50 years ago, superconductors were warming up

Excerpt from the March 16, 1974 issue of Science News

A photograph of a diamond anvil used to crush materials at high pressures and ultracold temperatures.

To create superconductors, physicists use diamond anvils (one shown) to crush materials at high pressures and ultracold temperatures. Researchers are searching for materials that can superconduct at ambient pressure and room temperature.

J. Adam Fenster/University of Rochester

Superconductors inch upwardScience News, March 16, 1974

Superconductivity, the property by which certain metals lose all their electrical resistance, would be a grand thing to use technologically were it not for the extreme refrigeration necessary. Every superconductor has a transition temperature above which it becomes an ordinary conductor. Most transition temperatures are near absolute zero. [Scientists] are discovering metals with higher transition temperatures.


Transition temperatures continue to creep upward. In 2018, physicists reported that a compound of lanthanum and hydrogen under extreme pressure showed signs of superconductivity up to about −20° Celsius — the highest for any superconductor (SN: 10/13/18, p. 6). But the squeeze and relative chill makes these materials impractical for widespread use, so the hunt for a material that superconducts at room temperature and closer to atmospheric pressure continues. A debunked 2023 claim for such a material has some scientists advocating for new standards for identifying superconductivity (SN: 12/16/23 & 12/30/23, p. 22).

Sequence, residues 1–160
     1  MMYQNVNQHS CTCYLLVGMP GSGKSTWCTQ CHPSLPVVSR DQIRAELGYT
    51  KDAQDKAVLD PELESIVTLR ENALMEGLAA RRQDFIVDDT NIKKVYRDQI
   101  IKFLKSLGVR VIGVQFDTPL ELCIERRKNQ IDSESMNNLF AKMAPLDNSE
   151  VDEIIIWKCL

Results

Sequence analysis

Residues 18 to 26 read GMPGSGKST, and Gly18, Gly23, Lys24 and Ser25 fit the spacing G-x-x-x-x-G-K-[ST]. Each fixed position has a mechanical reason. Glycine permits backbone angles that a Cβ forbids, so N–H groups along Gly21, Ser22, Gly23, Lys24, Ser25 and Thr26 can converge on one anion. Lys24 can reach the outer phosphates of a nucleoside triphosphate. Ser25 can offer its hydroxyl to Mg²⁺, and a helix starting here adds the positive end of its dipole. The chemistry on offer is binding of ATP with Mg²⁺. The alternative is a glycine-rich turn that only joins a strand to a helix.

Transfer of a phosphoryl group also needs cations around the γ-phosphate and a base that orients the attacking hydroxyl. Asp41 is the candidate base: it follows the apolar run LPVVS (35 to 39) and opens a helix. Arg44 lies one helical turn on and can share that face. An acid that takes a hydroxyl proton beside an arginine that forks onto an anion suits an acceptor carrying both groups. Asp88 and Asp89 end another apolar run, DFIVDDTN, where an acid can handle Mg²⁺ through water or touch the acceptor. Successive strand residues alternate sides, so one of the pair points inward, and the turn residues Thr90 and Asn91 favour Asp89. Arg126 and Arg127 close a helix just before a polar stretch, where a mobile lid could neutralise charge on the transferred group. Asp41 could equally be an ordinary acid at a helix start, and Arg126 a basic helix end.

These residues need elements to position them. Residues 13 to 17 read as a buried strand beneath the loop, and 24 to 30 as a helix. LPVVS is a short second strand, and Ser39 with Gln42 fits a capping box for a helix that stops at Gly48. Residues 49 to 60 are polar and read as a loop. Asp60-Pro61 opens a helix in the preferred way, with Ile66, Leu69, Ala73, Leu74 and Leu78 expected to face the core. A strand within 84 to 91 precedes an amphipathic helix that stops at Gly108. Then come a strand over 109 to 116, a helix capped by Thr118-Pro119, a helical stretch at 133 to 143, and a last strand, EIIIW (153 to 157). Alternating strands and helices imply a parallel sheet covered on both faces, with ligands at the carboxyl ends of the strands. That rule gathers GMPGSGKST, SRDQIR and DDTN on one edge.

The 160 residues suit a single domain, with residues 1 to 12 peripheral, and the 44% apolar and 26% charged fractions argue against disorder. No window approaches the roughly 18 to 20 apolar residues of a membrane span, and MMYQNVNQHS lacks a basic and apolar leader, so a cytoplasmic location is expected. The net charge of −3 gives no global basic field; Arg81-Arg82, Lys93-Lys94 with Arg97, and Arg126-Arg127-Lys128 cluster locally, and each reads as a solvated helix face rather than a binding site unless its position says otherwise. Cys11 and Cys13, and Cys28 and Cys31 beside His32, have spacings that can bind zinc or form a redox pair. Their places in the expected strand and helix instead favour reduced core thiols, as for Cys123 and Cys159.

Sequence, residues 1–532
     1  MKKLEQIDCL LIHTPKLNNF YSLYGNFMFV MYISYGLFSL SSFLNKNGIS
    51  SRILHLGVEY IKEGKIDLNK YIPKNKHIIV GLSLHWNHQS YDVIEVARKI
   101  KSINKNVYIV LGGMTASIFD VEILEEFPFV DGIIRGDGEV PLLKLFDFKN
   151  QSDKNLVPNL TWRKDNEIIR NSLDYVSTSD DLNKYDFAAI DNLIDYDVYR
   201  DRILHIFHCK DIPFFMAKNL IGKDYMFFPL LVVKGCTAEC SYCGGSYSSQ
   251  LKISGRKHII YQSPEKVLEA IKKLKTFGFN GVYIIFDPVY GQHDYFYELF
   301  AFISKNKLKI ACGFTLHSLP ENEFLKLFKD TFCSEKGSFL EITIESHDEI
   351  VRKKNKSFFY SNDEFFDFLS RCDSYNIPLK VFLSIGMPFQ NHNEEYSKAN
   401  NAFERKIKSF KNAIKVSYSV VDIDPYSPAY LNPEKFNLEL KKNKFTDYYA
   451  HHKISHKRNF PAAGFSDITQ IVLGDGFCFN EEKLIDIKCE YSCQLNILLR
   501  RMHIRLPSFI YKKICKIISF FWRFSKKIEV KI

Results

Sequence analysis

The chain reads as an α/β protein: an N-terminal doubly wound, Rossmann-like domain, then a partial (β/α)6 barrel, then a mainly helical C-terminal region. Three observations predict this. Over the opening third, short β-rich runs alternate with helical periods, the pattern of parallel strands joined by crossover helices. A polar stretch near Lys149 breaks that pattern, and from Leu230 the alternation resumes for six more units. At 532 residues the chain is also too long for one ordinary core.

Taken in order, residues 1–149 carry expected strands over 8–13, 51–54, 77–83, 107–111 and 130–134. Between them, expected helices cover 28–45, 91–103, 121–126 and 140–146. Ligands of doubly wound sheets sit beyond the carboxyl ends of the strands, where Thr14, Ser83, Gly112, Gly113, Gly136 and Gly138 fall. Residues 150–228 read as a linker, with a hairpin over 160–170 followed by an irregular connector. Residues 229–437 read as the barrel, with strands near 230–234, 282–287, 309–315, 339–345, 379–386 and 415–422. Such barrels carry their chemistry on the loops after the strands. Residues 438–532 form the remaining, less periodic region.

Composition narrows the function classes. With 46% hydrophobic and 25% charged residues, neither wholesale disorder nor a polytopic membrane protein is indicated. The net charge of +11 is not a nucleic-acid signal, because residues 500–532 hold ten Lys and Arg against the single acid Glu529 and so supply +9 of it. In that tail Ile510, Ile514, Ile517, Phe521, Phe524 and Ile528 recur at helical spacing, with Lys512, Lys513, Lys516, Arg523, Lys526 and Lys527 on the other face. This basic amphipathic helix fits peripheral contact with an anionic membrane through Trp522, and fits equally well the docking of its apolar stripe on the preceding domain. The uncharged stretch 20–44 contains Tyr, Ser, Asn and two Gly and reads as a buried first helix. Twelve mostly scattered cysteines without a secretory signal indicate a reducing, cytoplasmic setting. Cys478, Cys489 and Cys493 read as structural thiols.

Lillian Steenblik Hwang is the associate digital editor at Science News Explores. She has a B.S. in biology from Georgia State University and an M.S. in science journalism from Boston University.

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